Vikings

The Vikings Still Haven't Fixed Their Offensive Line Problem

Photo credit: Kareem Elgazzar (The Enquirer)

The Minnesota Vikings may have Brian O’Neill, Christian Darrisaw, and Ezra Cleveland up front but make no mistake, the Vikings haven’t fixed their offensive line. Since Kirk Cousins arrived in Minnesota — and well before that — Minnesota has had some of the worst offensive line units every year. The cause of their abysmal play? A weak interior.

The Vikings drafted Garrett Bradbury with the 18th pick in 2019, and he has arguably been the most significant part of the problem. Bradbury has posted PFF pass-block grades of 38.7, 38.8, and 43.7 during his three seasons, allowing 11 sacks, 15 QB hits, 55 hurries, and 81 pressures to go along with 20 penalties in just 45 career games, according to PFF.

But the problem doesn’t stop at the center position. Instead, it arguably gets worse when you look at the right guard. Mike Remmers, Dru Samia, and Oli Udoh played a significant amount of time throughout the Cousins era. The only respectable right guard the Vikings have had in recent memory is Josh Kline, who had his contract terminated in 2020 to save money.

However, things started to look up this offseason when Minnesota brought in new general manager Kwesi Adofo-Mensah. He signed Jesse Davis and Chris Reed and drafted Ed Ingram in the third round. With all these moves, it was clear that Adofo-Mensah knew he needed to address the O-line.

But with training camp now in full swing, there is still no clear direction as to which players will be starting at the center and right guard positions come Week 1. And it’s for all the wrong reasons. None of the three new interior offensive linemen the Vikings added this offseason have impressed during camp so far, leaving the Vikings front office wondering if they need to add even more competition.

Currently, Davis and Ingram seem to be battling for the starting right guard position, with Ingram looking to be the favorite following his stout performance in the Vikings’ first preseason game. However, Ingram is still a rookie who has had struggles throughout camp, and if he is named the starter for Week 1, it may feel like more of an indictment of Davis than a compliment for Ingram. And Reed, who did not play in the Vikings’ debut preseason game, is currently practicing with the second-string offense but may give Bradbury a run for his money at the starting center spot.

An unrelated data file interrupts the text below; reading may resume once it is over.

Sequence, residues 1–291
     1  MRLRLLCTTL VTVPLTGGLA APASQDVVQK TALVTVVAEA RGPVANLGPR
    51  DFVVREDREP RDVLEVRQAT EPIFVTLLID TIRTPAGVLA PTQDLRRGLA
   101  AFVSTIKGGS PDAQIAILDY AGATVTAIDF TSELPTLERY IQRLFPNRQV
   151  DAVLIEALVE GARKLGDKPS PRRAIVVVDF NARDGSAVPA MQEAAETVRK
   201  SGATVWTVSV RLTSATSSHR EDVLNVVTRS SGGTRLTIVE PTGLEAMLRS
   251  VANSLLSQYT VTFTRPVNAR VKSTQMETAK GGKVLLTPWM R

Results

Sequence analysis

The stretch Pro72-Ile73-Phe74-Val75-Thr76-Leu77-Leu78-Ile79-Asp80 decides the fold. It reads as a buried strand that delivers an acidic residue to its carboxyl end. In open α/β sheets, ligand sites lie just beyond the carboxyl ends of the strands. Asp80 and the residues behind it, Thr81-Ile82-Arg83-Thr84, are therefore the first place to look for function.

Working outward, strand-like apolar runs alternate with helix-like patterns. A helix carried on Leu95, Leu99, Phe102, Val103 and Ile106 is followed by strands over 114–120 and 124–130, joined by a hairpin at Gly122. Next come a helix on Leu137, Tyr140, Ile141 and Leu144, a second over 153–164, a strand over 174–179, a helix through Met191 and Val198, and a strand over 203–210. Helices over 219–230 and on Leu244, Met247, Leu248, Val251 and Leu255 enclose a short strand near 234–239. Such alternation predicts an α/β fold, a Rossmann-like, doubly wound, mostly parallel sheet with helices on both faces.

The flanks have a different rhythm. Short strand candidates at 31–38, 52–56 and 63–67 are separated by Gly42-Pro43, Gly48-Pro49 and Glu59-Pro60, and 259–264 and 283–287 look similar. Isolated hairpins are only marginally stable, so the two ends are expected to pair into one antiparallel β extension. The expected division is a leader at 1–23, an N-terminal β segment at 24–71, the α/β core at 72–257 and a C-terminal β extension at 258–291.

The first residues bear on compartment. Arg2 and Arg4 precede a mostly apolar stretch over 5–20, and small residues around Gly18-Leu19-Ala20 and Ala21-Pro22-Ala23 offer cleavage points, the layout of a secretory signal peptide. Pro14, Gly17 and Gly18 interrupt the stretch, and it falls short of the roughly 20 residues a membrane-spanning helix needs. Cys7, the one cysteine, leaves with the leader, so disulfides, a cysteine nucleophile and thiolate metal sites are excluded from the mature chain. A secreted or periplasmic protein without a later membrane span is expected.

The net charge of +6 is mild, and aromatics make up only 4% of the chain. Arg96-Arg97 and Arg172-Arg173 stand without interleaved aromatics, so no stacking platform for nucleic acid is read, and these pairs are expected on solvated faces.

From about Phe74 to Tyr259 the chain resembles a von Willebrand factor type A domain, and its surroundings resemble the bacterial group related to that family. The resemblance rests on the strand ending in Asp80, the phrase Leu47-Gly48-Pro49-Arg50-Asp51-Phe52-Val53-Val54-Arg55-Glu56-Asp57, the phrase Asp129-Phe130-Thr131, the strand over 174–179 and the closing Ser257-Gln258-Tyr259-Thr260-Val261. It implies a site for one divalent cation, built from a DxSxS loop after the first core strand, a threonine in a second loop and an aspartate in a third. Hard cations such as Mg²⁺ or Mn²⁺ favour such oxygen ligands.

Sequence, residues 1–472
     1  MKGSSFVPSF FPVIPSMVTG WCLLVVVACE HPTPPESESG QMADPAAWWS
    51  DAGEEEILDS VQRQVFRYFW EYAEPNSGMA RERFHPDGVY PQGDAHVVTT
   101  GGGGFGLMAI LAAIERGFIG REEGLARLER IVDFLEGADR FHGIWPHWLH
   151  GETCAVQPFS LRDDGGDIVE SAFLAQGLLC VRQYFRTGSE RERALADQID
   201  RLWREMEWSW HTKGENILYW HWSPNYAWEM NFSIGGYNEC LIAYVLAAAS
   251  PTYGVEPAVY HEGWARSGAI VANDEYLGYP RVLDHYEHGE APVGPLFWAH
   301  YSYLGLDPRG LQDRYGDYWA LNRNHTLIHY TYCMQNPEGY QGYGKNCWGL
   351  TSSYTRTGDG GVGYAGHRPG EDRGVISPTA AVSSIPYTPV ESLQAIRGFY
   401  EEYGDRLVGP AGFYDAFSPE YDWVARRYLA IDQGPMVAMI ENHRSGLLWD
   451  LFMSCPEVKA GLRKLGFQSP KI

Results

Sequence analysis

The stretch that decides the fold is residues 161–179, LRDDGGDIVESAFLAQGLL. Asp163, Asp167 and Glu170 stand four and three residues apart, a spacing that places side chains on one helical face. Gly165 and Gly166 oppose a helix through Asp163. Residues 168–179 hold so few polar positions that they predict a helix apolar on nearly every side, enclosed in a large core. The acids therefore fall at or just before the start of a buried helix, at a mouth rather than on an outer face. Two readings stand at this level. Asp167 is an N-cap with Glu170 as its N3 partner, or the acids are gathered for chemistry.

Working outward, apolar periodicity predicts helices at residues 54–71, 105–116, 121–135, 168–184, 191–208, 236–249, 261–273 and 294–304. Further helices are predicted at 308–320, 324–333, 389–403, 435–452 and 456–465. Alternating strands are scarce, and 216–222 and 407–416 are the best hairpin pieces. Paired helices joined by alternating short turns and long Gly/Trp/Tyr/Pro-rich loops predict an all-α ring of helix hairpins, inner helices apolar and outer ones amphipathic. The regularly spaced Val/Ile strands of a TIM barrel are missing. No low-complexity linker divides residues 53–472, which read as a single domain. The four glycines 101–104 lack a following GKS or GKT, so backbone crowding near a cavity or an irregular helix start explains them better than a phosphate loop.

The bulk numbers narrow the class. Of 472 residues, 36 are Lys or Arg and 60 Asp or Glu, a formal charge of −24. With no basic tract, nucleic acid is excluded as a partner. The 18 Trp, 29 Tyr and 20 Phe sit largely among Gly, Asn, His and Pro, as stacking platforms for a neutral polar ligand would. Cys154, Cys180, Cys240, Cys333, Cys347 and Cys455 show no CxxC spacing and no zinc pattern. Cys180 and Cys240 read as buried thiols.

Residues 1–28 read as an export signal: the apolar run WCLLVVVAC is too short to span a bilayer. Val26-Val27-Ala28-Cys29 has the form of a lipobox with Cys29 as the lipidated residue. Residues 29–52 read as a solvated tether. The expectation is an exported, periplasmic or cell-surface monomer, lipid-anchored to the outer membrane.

This type of uncertainty at the center and right guard position does not bode well for the Vikings. As everyone knows all too well, having two missing links along the offensive line can bring the entire offense down. That’s especially true with Cousins under center, who ranked 30th in big-time throw percentage under pressure and 32nd in yards per attempt under pressure last season.

However, when the O-line gave Cousins a clean pocket, he took advantage of it. According to PFF, he ranked second in clean-pocket passer rating, seventh in clean-pocket EPA/play, and fourth in clean-pocket big-time-throw percentage.

More importantly, this poor line performance could affect how Kevin O’Connell can call plays. Last year the Los Angeles Rams ranked first in the NFL in pass-block win rate (68%) with O’Connell as their offensive coordinator. Conversely, the Vikings ranked 25th in the NFL with a 54% win rate, according to ESPN. That kind of discrepancy in O-line capability could prevent O’Connell from unlocking the offense’s true potential by forcing him to play more conservatively to ensure that there isn’t too much pressure on the interior.

Ultimately, although the Vikings made an effort to improve their offensive line, it appears that they have not done enough. This unit seems as if it will continue to be a detriment to an offense loaded with playmakers at the skill positions.

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Photo credit: Kareem Elgazzar (The Enquirer)

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